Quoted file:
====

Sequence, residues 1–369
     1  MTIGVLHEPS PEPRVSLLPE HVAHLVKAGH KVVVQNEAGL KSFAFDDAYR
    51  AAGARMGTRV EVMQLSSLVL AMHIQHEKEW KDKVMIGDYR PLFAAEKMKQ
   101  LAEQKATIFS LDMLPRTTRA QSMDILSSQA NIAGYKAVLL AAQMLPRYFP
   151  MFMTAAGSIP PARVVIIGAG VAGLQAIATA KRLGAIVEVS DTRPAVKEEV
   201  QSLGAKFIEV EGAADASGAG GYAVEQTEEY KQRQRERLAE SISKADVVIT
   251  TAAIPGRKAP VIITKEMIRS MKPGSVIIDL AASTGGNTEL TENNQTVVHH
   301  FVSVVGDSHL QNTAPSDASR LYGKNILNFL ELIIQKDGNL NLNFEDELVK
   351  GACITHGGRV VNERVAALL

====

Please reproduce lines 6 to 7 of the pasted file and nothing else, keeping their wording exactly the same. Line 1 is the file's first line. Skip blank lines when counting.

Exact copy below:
   201  QSLGAKFIEV EGAADASGAG GYAVEQTEEY KQRQRERLAE SISKADVVIT
   251  TAAIPGRKAP VIITKEMIRS MKPGSVIIDL AASTGGNTEL TENNQTVVHH